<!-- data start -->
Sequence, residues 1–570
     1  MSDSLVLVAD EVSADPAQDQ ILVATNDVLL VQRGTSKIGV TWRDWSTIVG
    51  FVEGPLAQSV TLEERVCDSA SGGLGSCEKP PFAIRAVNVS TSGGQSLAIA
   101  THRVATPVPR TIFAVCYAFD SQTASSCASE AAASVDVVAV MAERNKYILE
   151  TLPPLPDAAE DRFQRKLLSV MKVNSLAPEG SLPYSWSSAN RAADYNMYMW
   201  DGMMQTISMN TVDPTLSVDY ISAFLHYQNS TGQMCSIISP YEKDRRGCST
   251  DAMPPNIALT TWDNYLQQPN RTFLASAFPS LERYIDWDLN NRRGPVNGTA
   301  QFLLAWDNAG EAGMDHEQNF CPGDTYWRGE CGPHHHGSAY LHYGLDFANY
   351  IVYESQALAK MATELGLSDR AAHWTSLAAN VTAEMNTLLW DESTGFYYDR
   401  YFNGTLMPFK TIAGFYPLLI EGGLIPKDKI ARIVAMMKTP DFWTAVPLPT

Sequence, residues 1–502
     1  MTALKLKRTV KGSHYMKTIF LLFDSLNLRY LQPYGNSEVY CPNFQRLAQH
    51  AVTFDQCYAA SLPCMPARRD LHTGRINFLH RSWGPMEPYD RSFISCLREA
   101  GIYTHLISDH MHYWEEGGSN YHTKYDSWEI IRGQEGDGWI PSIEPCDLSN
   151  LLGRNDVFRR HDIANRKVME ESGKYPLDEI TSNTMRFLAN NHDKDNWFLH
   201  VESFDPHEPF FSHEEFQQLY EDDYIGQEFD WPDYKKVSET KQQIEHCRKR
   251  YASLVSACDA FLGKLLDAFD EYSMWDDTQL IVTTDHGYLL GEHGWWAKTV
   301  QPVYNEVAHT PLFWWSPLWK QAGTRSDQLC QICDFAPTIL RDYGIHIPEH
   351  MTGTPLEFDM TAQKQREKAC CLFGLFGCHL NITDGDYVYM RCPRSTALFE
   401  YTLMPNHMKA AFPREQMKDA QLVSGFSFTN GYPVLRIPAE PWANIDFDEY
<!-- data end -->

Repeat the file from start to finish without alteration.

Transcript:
Sequence, residues 1–570
     1  MSDSLVLVAD EVSADPAQDQ ILVATNDVLL VQRGTSKIGV TWRDWSTIVG
    51  FVEGPLAQSV TLEERVCDSA SGGLGSCEKP PFAIRAVNVS TSGGQSLAIA
   101  THRVATPVPR TIFAVCYAFD SQTASSCASE AAASVDVVAV MAERNKYILE
   151  TLPPLPDAAE DRFQRKLLSV MKVNSLAPEG SLPYSWSSAN RAADYNMYMW
   201  DGMMQTISMN TVDPTLSVDY ISAFLHYQNS TGQMCSIISP YEKDRRGCST
   251  DAMPPNIALT TWDNYLQQPN RTFLASAFPS LERYIDWDLN NRRGPVNGTA
   301  QFLLAWDNAG EAGMDHEQNF CPGDTYWRGE CGPHHHGSAY LHYGLDFANY
   351  IVYESQALAK MATELGLSDR AAHWTSLAAN VTAEMNTLLW DESTGFYYDR
   401  YFNGTLMPFK TIAGFYPLLI EGGLIPKDKI ARIVAMMKTP DFWTAVPLPT

Sequence, residues 1–502
     1  MTALKLKRTV KGSHYMKTIF LLFDSLNLRY LQPYGNSEVY CPNFQRLAQH
    51  AVTFDQCYAA SLPCMPARRD LHTGRINFLH RSWGPMEPYD RSFISCLREA
   101  GIYTHLISDH MHYWEEGGSN YHTKYDSWEI IRGQEGDGWI PSIEPCDLSN
   151  LLGRNDVFRR HDIANRKVME ESGKYPLDEI TSNTMRFLAN NHDKDNWFLH
   201  VESFDPHEPF FSHEEFQQLY EDDYIGQEFD WPDYKKVSET KQQIEHCRKR
   251  YASLVSACDA FLGKLLDAFD EYSMWDDTQL IVTTDHGYLL GEHGWWAKTV
   301  QPVYNEVAHT PLFWWSPLWK QAGTRSDQLC QICDFAPTIL RDYGIHIPEH
   351  MTGTPLEFDM TAQKQREKAC CLFGLFGCHL NITDGDYVYM RCPRSTALFE
   401  YTLMPNHMKA AFPREQMKDA QLVSGFSFTN GYPVLRIPAE PWANIDFDEY